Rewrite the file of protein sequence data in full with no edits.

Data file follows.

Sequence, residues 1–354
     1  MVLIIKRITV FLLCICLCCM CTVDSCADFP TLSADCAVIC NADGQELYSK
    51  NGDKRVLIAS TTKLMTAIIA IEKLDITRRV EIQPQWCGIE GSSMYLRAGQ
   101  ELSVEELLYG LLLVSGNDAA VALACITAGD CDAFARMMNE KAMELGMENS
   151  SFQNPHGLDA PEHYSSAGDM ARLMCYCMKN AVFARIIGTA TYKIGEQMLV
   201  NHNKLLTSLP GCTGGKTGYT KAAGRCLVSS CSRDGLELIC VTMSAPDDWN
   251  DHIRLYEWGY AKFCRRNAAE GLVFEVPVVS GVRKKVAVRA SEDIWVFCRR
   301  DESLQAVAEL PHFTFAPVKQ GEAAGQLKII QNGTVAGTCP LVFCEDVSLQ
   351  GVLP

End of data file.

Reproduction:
Sequence, residues 1–354
     1  MVLIIKRITV FLLCICLCCM CTVDSCADFP TLSADCAVIC NADGQELYSK
    51  NGDKRVLIAS TTKLMTAIIA IEKLDITRRV EIQPQWCGIE GSSMYLRAGQ
   101  ELSVEELLYG LLLVSGNDAA VALACITAGD CDAFARMMNE KAMELGMENS
   151  SFQNPHGLDA PEHYSSAGDM ARLMCYCMKN AVFARIIGTA TYKIGEQMLV
   201  NHNKLLTSLP GCTGGKTGYT KAAGRCLVSS CSRDGLELIC VTMSAPDDWN
   251  DHIRLYEWGY AKFCRRNAAE GLVFEVPVVS GVRKKVAVRA SEDIWVFCRR
   301  DESLQAVAEL PHFTFAPVKQ GEAAGQLKII QNGTVAGTCP LVFCEDVSLQ
   351  GVLP